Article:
The Experienced Far Future of Cordwainer Smith.Cordwainer Smith’s entire genre output can be held in one anthology and one novel, but nearly four decades after his death his unique view of the far future provokes interest disproportionately greater than his contemporaries. Smith was one of a number of pseudonyms used by one of the more enigmatic figures of the 20th century, Paul Myron Anthony Linebarger (1913-1966). Linebarger was a childhood prodigy, OSS and CIA operative, Asian studies academic, advisor to the Kennedy administration and psychological warfare expert. He went through great pains to separate his literary career from his other jobs but perhaps his experiences, personal and professional, ‘bleed’ through into his science fiction. Linebarger had lived on three continents before he was ten and as an adult could speak five languages. Just as he understood differences in language and culture between nations he understood the difference between the language and culture of a far future and today. While many writers project today’s world into the future in their science fiction Smith’s future culture is as alien to us as our world would be to a medieval peasant. Strange words and customs exist without explanation but make sense within the context of his universe. Yet I increasingly find disguised in Cordwainer Smith’s worlds hidden references to the world of P.M.A. Linebarger. Some of these connections are already well known but I would like to expand upon them and include unpublished works I have obtained.

Secondly I would like to briefly talk about the work being done to track down material by Linebarger/Smith and the renewed interest in his legacy.
David Medlen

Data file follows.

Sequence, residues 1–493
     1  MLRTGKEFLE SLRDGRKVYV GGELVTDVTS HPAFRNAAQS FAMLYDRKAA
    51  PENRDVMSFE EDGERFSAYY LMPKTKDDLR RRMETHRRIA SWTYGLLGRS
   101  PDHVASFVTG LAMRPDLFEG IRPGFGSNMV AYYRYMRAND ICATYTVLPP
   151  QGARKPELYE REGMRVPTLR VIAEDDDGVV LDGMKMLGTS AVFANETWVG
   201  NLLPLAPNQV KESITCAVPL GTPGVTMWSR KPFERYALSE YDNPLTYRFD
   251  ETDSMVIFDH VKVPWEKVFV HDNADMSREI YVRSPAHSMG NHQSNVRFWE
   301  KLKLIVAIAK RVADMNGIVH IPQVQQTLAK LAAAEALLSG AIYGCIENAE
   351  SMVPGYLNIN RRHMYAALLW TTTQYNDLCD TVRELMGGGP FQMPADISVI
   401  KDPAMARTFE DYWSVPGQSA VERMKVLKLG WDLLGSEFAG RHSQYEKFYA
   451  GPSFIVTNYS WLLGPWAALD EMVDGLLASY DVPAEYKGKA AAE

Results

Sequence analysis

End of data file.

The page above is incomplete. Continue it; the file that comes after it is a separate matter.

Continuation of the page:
An Engineer's Wet Dream: How to Survive the Destruction of the Universe with Stephen Baxter's SpaceStephen Baxter's novel Space is a wet dream for engineers. It speculates on how to live on Luna; slamming comets into planets; sailing on the wind of a dying sun; constructing an interstellar gateway system and so on. These large scale engineering projects are but larger versions of Earth's own attempts to manipulate the conditions for life: dams, mass irrigation schemes, mining and so on. Yet these dreams have often led to environmental destruction and to deteriorated conditions for people in the Third World. Historically, the engineer's fantasy of manipulation has not really been borne out. Baxter's Space can be read as an historical working-out of these ethical problems that are facing the engineer today. The problems are already there in the novel itself: the women characters often question the magnificent thoughts of the heroic male history-makers, asking if it is right to destroy a billion year old planetary surface or render extinct the only native life on the moon. But Baxter's argument to counter these minor voices is single-minded and unique. He suggests that the universe is already engineered, that all around us lies the evidence of long dead civilisations. Such a claim is not just an esoteric claim about aliens and the nature of the universe. It has far-reaching implications for what “we” do with planet Earth today. It stands as an answer to the ethical problems of the engineer, that also introduces a whole new set of more philosophical questions: if the universe is causal, that is explicable by science, then do we have the right to alter it? Can consequences ever be foreseen? Under what conditions do we have a right to irrevocably alter or destroy parts of the universe? These are the kinds of questions brought up not only by Baxter, but by the problematic role of the engineer in the world today.Darren Jorgensen